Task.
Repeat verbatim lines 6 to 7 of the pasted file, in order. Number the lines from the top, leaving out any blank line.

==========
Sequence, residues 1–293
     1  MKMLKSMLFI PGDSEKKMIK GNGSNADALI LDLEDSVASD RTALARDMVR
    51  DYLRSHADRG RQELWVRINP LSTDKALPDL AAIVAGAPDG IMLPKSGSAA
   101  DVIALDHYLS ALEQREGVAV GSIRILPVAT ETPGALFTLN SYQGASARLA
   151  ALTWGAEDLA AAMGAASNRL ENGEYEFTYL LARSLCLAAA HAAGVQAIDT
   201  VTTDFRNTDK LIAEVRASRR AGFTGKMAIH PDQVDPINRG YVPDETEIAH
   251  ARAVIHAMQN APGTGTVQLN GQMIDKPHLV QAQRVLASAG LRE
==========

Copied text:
   201  VTTDFRNTDK LIAEVRASRR AGFTGKMAIH PDQVDPINRG YVPDETEIAH
   251  ARAVIHAMQN APGTGTVQLN GQMIDKPHLV QAQRVLASAG LRE